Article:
Anax guttatus is a large and robust dragonfly that is not often sighted in Singapore. It is a very fast and strong flyer, often seen patrolling at large open ponds and reservoirs. In Singapore, I have seen this species at USR, MacRitchie Reservoir, and Bukit Timah Nature Reservoir.

The thorax is lime green. There is prominent blue markings at the second and third abdominal segments. The sides of the abdomen has a strong orange-spotted pattern.

Dorsal view showing strong blue markings and spotted abdomen
A very colourful species
thorax is lime green and unmark
Female anal appendages is short and intact
No T-shape mark on the fron. Hyaline wings, and dark legs
close-up of anal appendages

Sometimes, female can be found ovipositing on floating vegetation at ponds or edge of the reservoir by inserting eggs into plant tissues. This is done by making a small slit on the plant tissues using it’s ovipositor.

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The above female was ovipositing on to plant tissues at a water-logged drainage structure at BTNR.

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Archibasis rebeccae (Kemp, 1989)

Family: Coenagrionidae
Scientific Name: Archibasis rebeccae
Common Name: Rebecca’s Sprite

Male A.Rebeccae

Archibasis rebeccae is a very rare damselfly species that has been recorded only once in Singapore in the Central Catchment Nature Reserve on 2009. This species appears to be endemic to Peninsular Malaysia and Singapore. It occurs in lowland primary forests and streams.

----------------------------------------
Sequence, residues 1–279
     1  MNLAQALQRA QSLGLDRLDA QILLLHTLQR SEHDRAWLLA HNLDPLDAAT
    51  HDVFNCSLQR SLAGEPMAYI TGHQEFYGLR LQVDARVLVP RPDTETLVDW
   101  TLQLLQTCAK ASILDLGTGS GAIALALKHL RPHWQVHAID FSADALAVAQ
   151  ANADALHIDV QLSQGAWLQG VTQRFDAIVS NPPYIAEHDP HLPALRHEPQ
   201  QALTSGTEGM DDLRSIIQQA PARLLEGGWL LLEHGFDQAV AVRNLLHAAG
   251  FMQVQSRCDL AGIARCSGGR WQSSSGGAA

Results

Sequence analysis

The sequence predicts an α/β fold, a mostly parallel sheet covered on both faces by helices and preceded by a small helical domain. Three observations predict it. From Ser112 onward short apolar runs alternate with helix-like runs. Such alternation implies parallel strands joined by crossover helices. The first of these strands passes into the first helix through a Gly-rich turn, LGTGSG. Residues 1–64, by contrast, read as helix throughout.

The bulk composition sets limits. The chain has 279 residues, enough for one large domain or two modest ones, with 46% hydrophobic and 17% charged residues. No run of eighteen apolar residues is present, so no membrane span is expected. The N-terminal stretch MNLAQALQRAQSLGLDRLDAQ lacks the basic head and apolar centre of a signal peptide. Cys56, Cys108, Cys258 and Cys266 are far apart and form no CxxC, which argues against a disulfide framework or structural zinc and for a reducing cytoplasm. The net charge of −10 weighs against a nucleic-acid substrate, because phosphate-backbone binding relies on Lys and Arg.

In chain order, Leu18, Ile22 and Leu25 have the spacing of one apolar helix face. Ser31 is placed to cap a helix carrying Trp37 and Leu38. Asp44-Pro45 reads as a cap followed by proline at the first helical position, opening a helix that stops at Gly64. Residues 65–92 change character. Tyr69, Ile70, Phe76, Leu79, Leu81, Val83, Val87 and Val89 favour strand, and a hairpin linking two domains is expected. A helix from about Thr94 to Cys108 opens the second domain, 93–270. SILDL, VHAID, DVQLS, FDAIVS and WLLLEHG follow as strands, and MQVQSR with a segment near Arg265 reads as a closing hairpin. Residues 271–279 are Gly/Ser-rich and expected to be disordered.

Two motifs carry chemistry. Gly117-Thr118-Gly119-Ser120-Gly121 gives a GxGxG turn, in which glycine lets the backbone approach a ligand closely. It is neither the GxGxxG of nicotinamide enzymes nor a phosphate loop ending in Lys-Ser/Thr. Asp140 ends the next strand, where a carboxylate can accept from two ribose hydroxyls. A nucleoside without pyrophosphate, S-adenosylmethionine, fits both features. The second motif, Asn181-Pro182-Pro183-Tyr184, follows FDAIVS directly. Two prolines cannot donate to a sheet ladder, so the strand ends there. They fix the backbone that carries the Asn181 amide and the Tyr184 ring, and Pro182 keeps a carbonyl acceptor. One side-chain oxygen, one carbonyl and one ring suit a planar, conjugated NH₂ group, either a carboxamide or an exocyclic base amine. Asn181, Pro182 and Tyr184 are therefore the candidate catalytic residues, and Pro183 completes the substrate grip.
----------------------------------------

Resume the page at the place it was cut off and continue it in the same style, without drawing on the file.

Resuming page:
This individual was taken on a trip to MacRitchie Reservoir’s forest in 2013. It was found along a quiet trail along Sime forest.

Male of this species are lighter blue. The appearance is very similar to A. melanocyana, and A. incisura. Segments 8 and 9 of the abdomen are blue. There are tiny blue spots on the dorsum of segment 10 of the abdomen. The superior appendages are strongly clubbed.

There is an interesting article about this species by Robin Ngiam.

A long distance shot
A shot showing the tail section
Close -up of the anal appendages, showing the blue spots at segment 10
This species has large postocular blue spots and mainly blue face

It is frustratingly difficult to identify this species of damselfly. I hope my Id is correct.

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Vestalis gracilis (Rambur, 1842)

Family: Calopterygidae
Scientific Name: Vestalis gracilis
Common Name: Clear-winged forest glory

Vestalis gracilis (Clear-Winged forest Glory) is a large Demoiselles species of damselfly which inhibits heavily shaded forest streams. It is not recorded from the Book of Dragonfly by Mr. Tang. It could well be a new discovery in the Singapore odonata’s record. As far as I know, this species can only be found at the forest streams in the northern region of Singapore.

The male has a very slim abdomen. It has yellow stripes at the side of the thorax. The wings are slightly tinted brown. Older individuals developed pruinose over it’s body. Females are easily identifiable, with very similar appearance as the males.

Several individuals can be seen on overhanging plants over running streams or at the heavily shaded forest trails. This is an unmistakeable and very elegant species of damselfly.

A fresh and teneral male.
Clear-winged forest glory (Vestalis gracilis)
An adult male with large tinted wings and straight abdomen.
Clear-winged forest glory (Vestalis gracilis)
A very old and heavily pruinosed male.
A teneral female.
A young and pristine female.
Clear-winged forest glory (Vestalis gracilis)
An adult Female.